Too many energy drinks can trigger sudden heart attacks even in healthy people, according to scientists who warned parents to watch how many cans their children consume.
Almost one in three 12 to 19-year-olds regularly consume the drinks which often contain high levels of caffeine that can be bad for the heart. They can also contain “hidden” caffeine in the form of ‘masking agents’ such as gurana, which comes from a Brazilian plant and is identical to caffeine found in coffee beans but at twice the concentration.
Adding guarana and other popular substances, such as ginseng and taurine, to these types of drinks may generate “uncertain interactions”, the researchers said.
Their work focused on the pharmacology of energy drinks (EDs) among children and young adults. The team also studied how the marketing of EDs as a means to relive fatigue and improve physical performance may be ignoring real dangers.
The energy drink market is booming. Sales rose from 454m litres in 2011 to more than 550m litres last year – a market value that climbed from £1bn to £1.3bn, according to a report by Mintel. It predicted sales would rise to around 650m litres by 2019 helped by high profile advertising campaigns from sports stars such as footballers Steven Gerrard and Gareth Bale.
Although caffeine, defined as a drug because it stimulates the central nervous system, is widely used and generally regarded as safe, serious adverse effects have been reported, especially when consumed in larger doses.
According to Lucozade’s website, a one litre Lucozade Energy bottle will contain approximately 120mg of caffeine, varying slightly for different flavours.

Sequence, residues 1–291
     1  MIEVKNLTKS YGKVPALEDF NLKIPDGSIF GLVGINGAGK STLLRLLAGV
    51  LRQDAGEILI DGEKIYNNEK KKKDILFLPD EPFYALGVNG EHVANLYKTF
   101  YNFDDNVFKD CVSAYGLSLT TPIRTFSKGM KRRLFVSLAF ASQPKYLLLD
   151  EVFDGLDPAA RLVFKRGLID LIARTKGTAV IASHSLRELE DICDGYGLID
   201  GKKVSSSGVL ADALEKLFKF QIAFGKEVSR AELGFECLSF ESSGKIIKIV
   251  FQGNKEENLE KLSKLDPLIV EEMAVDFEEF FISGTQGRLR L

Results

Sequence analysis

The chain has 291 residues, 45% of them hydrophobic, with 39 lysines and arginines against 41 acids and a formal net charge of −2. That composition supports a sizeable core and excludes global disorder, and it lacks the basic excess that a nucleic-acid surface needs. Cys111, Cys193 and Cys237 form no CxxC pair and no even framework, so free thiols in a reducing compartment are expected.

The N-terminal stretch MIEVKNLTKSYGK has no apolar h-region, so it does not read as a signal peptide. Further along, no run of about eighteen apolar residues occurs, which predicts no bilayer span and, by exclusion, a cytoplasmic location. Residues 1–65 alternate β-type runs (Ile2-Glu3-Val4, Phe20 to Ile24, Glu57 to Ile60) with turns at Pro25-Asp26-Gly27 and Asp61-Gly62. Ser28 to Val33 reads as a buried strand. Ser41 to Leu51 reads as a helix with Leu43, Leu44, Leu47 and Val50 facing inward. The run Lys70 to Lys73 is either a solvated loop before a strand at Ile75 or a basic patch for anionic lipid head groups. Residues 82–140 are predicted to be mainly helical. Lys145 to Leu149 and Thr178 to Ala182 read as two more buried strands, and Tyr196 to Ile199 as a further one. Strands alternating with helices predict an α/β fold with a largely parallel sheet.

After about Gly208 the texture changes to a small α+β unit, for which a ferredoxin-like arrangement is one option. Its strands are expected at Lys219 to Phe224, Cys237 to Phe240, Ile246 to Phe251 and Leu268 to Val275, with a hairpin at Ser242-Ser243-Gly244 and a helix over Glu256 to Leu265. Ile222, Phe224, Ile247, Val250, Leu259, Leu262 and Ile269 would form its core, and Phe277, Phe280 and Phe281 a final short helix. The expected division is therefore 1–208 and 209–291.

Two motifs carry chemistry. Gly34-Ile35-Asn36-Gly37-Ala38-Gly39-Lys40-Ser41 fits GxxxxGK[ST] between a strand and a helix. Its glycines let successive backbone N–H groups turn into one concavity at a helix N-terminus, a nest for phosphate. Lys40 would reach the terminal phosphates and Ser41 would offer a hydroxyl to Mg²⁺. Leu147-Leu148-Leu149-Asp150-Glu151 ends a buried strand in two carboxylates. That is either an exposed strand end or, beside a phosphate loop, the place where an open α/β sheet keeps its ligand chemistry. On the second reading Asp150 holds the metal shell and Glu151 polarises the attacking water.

The Food Standards Agency recommends: “Children, or other people sensitive to caffeine, should only consume caffeine in moderation. Pregnant women are advised not to have more than 200mg of caffeine a day, roughly two mugs of instant coffee.”
The international research team based at the Research Institute of Hospital 12 de Octubre in Madrid, Spain, warned that energy drinks can trigger sudden cardiac deaths in young, apparently healthy individuals.
“The rapid rise in popularity of energy drinks, particularly among adolescents, aged 10-19 years, and young adults, has serious implications for cardiac health,” lead researcher Dr Fabian Sanchis-Gomar said in an article published in the Canadian Journal of Cardiology. “As ED consumption continues to grow, physicians are advised to ask adolescent patients whether they consume EDs, to be aware of the symptoms of ED overconsumption, and to discuss the dangers of EDs alone and mixed with alcohol.”
The scientists said one 250ml can per day is safe “for most healthy adolescents” and that ED consumption before or during sports practice should be avoided. They said adolescents with clinically relevant underlying medical conditions should consult cardiologists before drinking EDs.
Dr Sanchis-Gomar said: “Excessive ED consumption together with alcohol or other drugs, or both, may lead to adverse effects, including death. “With a range of readily available sources, such as energy drinks, gums and inhalers, adolescents and young adults can easily overdose. It is estimated that as many as 46 per cent of the 5,448 caffeine overdoses reported in the United States in 2007 occurred in adolescents younger than 19 years.”
Cardiologists have urged doctors, parents and teachers to monitor adolescents’ energy drink consumption more closely.
London-based cardiologist Assem Malhotra said: “This new research is very concerning. Any excess consumption of stimulants does increase the risk of symptomatic and distressing palpitations for many people and children in particular should be avoiding energy drinks as much as possible especially as they may also trigger sudden cardiac death in vulnerable people. I personally believe energy drinks should be banned for kids.“